INFORM PEOPLE - Write op-eds and letters to the editor to your local newspapers. Blog about it. Use twitter, include #Libya hashtag.
SUPPORT NEWS MEDIA THAT IS DOING COVERAGE OF LIBYA - CLICK CLICK CLICK on news articles! And comment on them! And share them on Facebook, on Twitter, on Tumblr. This is how news media thrives. It’s a sad reality, but clicks and comments encourage editors to cover a stort more. Tweet “Thanks” to Anderson Cooper, AlJazeera, etc. Send them thank you letters.
GO TO LOCAL SOLIDARITY PROTESTS - The Libyan people think no one outside cares about them. Sending them photos and videos of supporters would bring up morale. If there are no protests planned for your city, plan one! Stage one in your University’s free speech zones!
MIRROR VIDEOS - Many videos are being taken down- especially Facebook videos. If you know how to, mirror the video, upload it yourself.
TRANSLATE - If you know Arabic, help translate things like tweets, videos, audio, etc. The more people this information is accessible to, the better.
CONTACT YOUR LOCAL STATESMEN AND WOMEN - Tell them you want the U.S. to acknowledge what’s happening in Libya. Tell them you want them to call for the resignation of Gaddafi. Tell them you want them to send aid to Libya. Tell them to support freedom. Tell them to support democracy. Tell them to freaking CONDEMN THIS MASSACRE. Look here and here.
SEND AID - Muslims Without Borders is organizing a medical convoy from Alexandria, Egypt to Libya. Send them money “earmarked” for Libya.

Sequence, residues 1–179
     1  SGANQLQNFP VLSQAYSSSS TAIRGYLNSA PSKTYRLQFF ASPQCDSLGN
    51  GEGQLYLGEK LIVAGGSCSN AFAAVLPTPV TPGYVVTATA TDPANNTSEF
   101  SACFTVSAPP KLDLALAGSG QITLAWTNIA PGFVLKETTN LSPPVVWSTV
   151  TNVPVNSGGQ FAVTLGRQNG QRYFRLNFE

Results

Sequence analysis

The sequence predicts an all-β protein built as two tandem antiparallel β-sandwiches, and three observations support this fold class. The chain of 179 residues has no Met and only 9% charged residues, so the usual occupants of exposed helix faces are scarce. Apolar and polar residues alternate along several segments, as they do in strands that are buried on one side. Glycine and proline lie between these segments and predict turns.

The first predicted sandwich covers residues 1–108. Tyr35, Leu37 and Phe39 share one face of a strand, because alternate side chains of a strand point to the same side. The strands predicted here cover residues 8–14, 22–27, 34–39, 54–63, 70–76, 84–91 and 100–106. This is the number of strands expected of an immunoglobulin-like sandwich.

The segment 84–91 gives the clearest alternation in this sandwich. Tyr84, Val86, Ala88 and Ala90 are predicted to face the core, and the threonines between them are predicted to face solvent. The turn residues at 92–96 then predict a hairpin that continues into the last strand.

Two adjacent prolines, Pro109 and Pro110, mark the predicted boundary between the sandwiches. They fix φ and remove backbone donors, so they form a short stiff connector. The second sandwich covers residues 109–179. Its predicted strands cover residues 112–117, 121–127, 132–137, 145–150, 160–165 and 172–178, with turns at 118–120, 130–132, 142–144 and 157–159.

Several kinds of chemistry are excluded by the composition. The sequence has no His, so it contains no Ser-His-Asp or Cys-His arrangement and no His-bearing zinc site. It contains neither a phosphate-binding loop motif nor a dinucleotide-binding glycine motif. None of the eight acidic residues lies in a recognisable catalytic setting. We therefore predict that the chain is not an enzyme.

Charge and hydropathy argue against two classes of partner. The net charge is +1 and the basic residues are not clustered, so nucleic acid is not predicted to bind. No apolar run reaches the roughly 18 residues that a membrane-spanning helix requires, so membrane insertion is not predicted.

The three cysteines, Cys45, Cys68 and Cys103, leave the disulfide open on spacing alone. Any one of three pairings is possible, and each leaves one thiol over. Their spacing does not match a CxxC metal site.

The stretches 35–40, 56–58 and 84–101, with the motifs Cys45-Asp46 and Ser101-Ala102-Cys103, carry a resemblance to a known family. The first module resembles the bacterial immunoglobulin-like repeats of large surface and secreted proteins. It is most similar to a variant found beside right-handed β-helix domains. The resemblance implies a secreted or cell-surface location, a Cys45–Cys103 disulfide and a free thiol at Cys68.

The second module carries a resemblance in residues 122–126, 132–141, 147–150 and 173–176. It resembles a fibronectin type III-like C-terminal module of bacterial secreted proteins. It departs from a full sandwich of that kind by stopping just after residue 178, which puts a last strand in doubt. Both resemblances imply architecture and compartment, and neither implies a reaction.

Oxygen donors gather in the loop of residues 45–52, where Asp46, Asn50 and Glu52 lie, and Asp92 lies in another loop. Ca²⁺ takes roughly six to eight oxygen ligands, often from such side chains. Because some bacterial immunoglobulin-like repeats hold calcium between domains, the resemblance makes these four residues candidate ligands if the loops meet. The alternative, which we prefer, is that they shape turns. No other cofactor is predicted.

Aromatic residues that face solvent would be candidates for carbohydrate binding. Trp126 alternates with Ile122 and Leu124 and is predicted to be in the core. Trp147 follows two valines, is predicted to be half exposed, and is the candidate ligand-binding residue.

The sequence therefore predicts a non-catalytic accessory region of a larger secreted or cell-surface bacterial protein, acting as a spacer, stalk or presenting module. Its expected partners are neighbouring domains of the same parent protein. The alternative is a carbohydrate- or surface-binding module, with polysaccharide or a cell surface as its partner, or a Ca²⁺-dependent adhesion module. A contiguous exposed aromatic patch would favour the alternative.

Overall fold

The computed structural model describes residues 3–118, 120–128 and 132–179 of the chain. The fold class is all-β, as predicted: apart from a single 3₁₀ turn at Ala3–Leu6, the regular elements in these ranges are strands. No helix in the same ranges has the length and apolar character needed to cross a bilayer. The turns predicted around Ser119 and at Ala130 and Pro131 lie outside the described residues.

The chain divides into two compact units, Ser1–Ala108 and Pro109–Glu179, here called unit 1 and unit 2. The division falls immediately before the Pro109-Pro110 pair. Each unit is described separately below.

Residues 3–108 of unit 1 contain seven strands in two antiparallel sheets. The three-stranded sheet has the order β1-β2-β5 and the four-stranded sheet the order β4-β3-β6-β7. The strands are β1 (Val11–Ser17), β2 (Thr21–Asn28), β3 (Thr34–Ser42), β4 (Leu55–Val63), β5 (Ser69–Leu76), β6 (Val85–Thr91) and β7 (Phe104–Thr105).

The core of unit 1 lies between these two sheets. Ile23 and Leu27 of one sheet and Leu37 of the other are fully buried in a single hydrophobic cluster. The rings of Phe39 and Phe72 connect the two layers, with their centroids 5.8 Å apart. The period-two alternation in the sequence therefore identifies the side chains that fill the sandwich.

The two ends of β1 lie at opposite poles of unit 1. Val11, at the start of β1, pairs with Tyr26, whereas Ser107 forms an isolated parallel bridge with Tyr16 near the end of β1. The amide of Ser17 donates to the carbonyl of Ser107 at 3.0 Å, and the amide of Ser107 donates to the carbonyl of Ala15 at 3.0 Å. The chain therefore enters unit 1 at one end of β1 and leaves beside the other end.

(add to this list)
Other organizations where your donations or time could potentially do some good (sorry no links since I’m reblogging from my phone):
Amnesty International (on Twitter as @amnesty; if you’re in the US you might be interested in this tumblr: aiusayouth.tumblr.com)
Avaaz.org (on Twitter as @avaaz)
Due to the reprehensible lack of attention US news gives to the events in Libya and Bahrain, I get most of my information from Twitter, especially: @arabist, @sultanalqassemi, @ajenglish, @ajarabic, and by watching the hashtags: #Libya, #Bahrain, and #Feb17.
In my job, I’m intimately aware of how much Western governments and business entities place a lot more value on their social media profile than they want to let on. So if you’re on Twitter or Facebook, don’t be shy about expressing your opinion about the groups and states who are refusing to sever ties with Qaddafi’s regime, who are still exporting weapons there, who are caving to Qaddafi’s government’s demands that they stay silent or risk severing already tenuous diplomatic channels. What’s happening in Libya (and Bahrain to a lesser extent) is nothing short of massacre - let BP and the US State Department and everyone else hear your anger and frustration. Be loud, and yell it far and wide.
Reblogging again to add: @CNN apparently has a news team in Libya now; keep up the social media/email pressure so they don’t continue to bury this story.
Gaddafi’s statement released on Libyan State TV [source]:
“I am satisfied, because I was speaking in front of the youth in the Green Square tonight, but the rain came, praise to God, it bears well. I want to clarify for them that I am in Tripoli, not in Venezuela. Do not believe these channels. They are dogs. Goodbye.”
it’s a very privileged way of thinking to be able to say, “this hasn’t got anything to do with me.” just because you are far removed from the people of libya in geographical terms doesn’t mean that their problems aren’t your problems; this is a human issue, not a libyan issue….